Who's Streets? Our Streets!
An expensive battle to say the least…..
City of Seattle gets the bill for N30
WTO protest anniversary event cost $550,000 for police, fire and other expenses
Tuesday, December 12, 2000
By JAMES G. WRIGHT
SEATTLE POST-INTELLIGENCER REPORTER
Last month's N30 festivities cost the city of Seattle more than $555,000 in Police and Fire Department overtime and other expenses, city officials said yesterday.
Nov. 30 was the first anniversary of the ill-fated World Trade Organization meeting in Seattle that was disrupted by mass demonstrations involving as many as 50,000 people. More than 500 people were arrested over several days of riots and confrontations with police and National Guard troops in 1999.
Last month's combination street carnival and political protest to commemorate the anti-globalism victory attracted a crowd of just 2,500 for a daylong series of skits and speeches focused on downtown's Westlake Center. In isolated incidents, however, vandals damaged a police car and several hundred late-night protesters squared off against a small army of police in riot gear.
Yesterday, police Chief Gil Kerlikowske and Deputy Mayor Maud Daudon briefed City Council members on the events of the day, offering a box score of sorts:
Expenses: $555,000, including $320,000 in overtime and $125,000 in equipment costs for the Police Department and $110,000 in overtime costs for the Fire Department. Some minor bills are still out, but the total is not expected to grow significantly.
Arrests: 142, including three people facing felony charges. Most were charged with refusing to disperse when ordered by police or for blocking pedestrian access to sidewalks and buildings. Fifteen are juveniles.
Complaints: The department's internal investigations unit is looking into two complaints of unnecessary use of force by police officers. Kerlikowske would not discuss the nature of those complaints.
Weapons: No lethal or blunt-force weapons were fired, but one officer used pepper spray on a group of protesters that had surged toward the police line, while another fired seven pepper-spray-filled balls at a man who tried to interfere with an arrest.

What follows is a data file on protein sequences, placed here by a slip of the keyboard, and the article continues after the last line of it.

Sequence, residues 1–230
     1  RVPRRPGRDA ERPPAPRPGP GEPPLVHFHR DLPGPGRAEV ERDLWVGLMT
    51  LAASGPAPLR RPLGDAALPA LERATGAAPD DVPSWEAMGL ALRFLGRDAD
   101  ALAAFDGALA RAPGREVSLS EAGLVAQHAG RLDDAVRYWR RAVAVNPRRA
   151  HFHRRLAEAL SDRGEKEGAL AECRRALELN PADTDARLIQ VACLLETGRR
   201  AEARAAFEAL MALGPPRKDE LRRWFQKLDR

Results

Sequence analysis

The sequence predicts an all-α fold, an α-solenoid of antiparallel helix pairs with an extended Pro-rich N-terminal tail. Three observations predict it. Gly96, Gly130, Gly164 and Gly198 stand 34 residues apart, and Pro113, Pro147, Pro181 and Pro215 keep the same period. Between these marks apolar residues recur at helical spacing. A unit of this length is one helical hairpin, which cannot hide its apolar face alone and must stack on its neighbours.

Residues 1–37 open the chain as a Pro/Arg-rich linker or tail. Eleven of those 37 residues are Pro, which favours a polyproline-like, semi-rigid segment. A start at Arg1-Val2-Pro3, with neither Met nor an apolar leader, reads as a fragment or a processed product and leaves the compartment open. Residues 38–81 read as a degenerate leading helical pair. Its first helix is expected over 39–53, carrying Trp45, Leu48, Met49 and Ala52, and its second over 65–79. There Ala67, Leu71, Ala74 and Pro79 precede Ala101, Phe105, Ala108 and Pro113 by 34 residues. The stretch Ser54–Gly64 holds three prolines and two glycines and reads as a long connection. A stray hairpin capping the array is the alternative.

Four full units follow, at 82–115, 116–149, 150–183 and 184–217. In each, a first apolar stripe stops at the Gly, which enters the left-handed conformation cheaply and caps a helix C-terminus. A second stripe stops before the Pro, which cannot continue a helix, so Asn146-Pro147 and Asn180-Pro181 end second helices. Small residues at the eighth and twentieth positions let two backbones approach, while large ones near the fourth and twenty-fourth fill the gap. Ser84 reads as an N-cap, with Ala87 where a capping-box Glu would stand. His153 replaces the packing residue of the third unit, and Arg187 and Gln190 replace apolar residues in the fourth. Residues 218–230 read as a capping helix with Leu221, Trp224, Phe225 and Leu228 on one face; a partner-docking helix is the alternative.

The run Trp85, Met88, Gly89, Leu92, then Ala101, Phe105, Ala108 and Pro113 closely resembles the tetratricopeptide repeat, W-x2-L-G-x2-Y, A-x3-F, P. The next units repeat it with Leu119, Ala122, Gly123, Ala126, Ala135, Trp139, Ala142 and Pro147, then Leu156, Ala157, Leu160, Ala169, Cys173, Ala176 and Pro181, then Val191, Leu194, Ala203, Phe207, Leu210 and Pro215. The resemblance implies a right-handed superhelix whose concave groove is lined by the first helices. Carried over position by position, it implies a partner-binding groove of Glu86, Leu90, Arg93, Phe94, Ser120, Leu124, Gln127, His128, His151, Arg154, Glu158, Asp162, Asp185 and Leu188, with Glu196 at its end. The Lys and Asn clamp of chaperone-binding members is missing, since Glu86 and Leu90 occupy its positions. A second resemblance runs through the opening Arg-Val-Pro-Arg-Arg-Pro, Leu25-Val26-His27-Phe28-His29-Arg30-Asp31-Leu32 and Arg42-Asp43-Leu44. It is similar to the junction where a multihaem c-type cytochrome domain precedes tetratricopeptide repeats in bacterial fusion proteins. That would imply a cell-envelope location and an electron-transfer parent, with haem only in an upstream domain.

Damage: Largely limited to minor dents and scrapes to a patrol car parked on Fourth Avenue that was used as a trampoline by a dozen or so people, including two who were arrested.
Injuries: One serious. Police Capt. Ron Mochizuki, hit with an object thrown from the crowd, may be blind in one eye. A man arrested at the scene faces an assault charge.
Council members generally praised Kerlikowske for handling N30 far better than his predecessor, Norm Stamper, dealt with WTO. But some suggested more attention should be paid to the concerns of protesters. Council members Nick Licata and Judy Nicastro both suggested that representatives of the American Civil Liberties Union, labor leaders and advocacy groups be given equal time with Kerlikowske.
Licata, after noting that "the difference between this and WTO is night and day," also said that police ordered some protesters to disperse, but then blocked their escape and arrested them. Five people appeared at the council meeting to silently reinforce that view, wearing cardboard wings and signs reading, "I would've dispersed if I had wings to fly."
"We may have a situation where we may not have needed to arrest so many people," Licata said.
Kerlikowske noted, however, that one hour and 45 minutes had elapsed between the time of the first dispersal order given at Third Avenue and Pine Street, and the containment and arrests in the 2200 block of Fourth Avenue North. Anyone who wanted to avoid arrest had ample opportunity to get away, he said.
Licata also expressed displeasure at the emphasis placed on the cost of policing what was largely a non-violent protest.
"There is no price tag we put on free speech," he said, raising the ire of Council President Margaret Pageler.
"There is too a price — Ron Mochizuki is paying it," said Pageler.
"That is a personal price tag, not a direct result of the expression of free speech," Licata shot back. "To identify people who are committing crimes with those who are expressing free speech — I consider that an insult."
But Councilman Jim Compton, who chaired the council's review of the city's actions during WTO, called N30 "a spectacular success … clearly an opportunity for robust free speech. What we value in this town is the opportunity for free, open and even obnoxious free speech."